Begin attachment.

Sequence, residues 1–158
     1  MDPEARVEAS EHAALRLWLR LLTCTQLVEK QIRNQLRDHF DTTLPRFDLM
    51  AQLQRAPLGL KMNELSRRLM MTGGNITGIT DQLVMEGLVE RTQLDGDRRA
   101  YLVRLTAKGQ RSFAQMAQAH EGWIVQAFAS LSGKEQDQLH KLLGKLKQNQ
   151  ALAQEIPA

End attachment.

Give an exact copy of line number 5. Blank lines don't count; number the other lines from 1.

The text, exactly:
   151  ALAQEIPA